Low Road Contractors Jeopardize MSPs High Standards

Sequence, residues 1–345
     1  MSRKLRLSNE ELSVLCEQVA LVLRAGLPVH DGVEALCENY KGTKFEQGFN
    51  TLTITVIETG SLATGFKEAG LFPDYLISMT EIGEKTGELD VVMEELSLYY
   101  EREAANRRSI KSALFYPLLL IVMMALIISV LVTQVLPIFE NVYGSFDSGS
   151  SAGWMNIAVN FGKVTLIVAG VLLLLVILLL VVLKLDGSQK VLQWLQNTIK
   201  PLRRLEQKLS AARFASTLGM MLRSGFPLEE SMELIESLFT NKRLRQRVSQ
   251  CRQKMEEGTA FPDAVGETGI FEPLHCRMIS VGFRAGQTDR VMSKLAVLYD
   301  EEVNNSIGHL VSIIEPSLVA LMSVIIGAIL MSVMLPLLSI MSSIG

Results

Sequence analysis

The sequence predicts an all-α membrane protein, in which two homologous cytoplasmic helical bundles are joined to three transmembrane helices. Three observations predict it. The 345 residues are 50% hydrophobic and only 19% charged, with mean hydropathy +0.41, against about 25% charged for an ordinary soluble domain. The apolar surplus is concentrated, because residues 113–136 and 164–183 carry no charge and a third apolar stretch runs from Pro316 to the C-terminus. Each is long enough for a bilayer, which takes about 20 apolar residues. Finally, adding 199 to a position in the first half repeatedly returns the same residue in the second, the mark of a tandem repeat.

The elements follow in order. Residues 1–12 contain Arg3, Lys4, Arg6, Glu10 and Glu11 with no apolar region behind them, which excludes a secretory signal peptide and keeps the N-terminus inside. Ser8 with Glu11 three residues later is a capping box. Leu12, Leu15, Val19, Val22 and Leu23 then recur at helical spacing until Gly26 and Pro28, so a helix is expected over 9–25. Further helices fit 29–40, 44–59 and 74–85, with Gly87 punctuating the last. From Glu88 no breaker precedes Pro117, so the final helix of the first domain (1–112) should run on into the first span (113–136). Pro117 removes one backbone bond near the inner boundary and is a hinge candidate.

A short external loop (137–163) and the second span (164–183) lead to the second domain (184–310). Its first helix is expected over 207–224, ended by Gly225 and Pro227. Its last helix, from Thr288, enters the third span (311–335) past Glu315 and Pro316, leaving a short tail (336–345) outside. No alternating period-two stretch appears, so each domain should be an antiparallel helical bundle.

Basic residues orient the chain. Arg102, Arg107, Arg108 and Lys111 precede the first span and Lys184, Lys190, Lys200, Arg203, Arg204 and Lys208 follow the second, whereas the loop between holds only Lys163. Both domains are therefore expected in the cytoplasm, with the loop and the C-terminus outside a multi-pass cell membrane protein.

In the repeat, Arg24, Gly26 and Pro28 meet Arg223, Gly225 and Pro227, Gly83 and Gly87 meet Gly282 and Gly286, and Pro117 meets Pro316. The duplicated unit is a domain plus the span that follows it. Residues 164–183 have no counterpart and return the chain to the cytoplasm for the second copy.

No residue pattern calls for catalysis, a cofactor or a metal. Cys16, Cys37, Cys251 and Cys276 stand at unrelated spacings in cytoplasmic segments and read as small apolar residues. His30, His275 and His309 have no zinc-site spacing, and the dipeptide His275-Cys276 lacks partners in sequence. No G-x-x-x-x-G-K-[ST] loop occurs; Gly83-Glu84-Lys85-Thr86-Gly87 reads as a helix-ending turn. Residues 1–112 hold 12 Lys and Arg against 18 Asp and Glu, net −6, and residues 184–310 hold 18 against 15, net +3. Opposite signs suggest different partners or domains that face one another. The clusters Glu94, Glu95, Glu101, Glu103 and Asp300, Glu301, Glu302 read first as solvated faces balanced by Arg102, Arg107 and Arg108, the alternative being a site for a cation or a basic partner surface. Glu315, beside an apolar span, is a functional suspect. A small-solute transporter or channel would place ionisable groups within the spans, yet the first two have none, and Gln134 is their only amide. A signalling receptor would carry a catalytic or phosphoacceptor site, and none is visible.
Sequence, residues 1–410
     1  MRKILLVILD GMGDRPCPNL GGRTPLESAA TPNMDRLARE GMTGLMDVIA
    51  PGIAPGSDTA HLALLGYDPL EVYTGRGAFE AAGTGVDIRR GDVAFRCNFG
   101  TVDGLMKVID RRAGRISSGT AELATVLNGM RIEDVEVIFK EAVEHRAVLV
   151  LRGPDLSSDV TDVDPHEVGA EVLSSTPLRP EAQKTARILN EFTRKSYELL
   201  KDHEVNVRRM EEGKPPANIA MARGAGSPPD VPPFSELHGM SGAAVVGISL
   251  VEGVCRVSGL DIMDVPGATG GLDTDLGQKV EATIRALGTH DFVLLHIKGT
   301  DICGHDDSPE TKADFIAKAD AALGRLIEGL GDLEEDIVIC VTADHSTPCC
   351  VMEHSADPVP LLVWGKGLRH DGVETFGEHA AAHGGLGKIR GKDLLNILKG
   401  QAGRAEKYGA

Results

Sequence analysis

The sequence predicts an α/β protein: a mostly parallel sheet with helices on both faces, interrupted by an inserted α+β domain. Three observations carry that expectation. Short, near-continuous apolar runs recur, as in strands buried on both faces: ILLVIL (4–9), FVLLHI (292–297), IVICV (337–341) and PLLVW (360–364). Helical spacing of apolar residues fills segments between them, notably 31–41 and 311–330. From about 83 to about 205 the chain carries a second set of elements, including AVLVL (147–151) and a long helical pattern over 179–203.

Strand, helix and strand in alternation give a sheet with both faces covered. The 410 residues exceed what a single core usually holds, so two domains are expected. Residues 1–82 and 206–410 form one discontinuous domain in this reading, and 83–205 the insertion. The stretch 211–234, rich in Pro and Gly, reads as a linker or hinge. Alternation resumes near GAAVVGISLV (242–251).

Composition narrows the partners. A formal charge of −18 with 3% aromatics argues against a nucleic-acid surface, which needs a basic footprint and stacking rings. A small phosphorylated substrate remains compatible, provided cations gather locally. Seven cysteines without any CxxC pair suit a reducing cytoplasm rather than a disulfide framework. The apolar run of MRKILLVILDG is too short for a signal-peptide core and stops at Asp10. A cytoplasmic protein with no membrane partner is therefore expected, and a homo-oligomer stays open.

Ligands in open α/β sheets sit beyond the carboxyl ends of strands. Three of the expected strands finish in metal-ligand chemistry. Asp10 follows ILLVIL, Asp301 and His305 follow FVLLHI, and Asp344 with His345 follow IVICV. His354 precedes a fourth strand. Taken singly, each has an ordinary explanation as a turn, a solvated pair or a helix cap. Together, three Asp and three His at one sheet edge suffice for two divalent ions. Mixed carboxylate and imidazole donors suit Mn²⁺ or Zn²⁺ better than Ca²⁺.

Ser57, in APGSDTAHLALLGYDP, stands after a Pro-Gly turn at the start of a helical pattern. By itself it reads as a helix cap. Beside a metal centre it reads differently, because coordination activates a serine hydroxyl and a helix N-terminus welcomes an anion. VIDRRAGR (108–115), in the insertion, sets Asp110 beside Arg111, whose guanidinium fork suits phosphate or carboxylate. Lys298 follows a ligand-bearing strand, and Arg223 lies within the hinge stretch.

In recent years, airlines have outsourced much of their passenger service responsibilities, including cabin cleaning, cart driving, and wheelchair services. Companies compete to be the lowest bidder, fostering a race to the bottom which threatens the quality of services, safety, and security; impedes equitable economic development; and increases pressure to undercut the high standards MSP seeks to maintain. Poverty wages: wages Many passenger service workers earn minimum wage even after many years on the job. At 40 hours a week, this comes out to just $15,080 a year well below the federal poverty line for a family of four of $23,050,7 Public Subsidies: Subsidies The MAC prides itself on being able to raise enough revenue that it does not require general tax support and that it generates millions of dollars in tax revenues for federal, state, and local governments.8 However, in the case of these passenger service workers, tax payers are subsidizing the contractors through things such as public assistance, medical care, food stamps, and low-income housing. Lack of affordable health insurance: insurance Workers cannot afford the healthcare coverage offered by the contractors. As a result, they and their families are either not insured and are not able to get the care they need which can result in increased absenteeism, or they are covered through publicly-subsidized health services at the taxpayers expense. Workforce Instability. Low pay and no benefits (no paid sick days, holidays, or vacation) result in high turnover, which means additional training costs and a less experienced workforce. Inadequate staffing levels. The contractors have an insufficient number of staff to do the job right. As a result, employees are overworked and at a greater risk for injury. Disabled passengers are not given the assistance they are entitled to by law. Flights are delayed, and customer satisfaction declines. Dangerous working conditions. Cabin cleaners report that they often have inadequate or no hand protection when cleaning up blood, urine, feces, and vomit, or while handling the cleaning chemicals. Workers state they have not been trained about the hazards of using those chemicals, or about how to prevent or reduce exposure when cleaning blood borne pathogens from floors, seats, and bathrooms.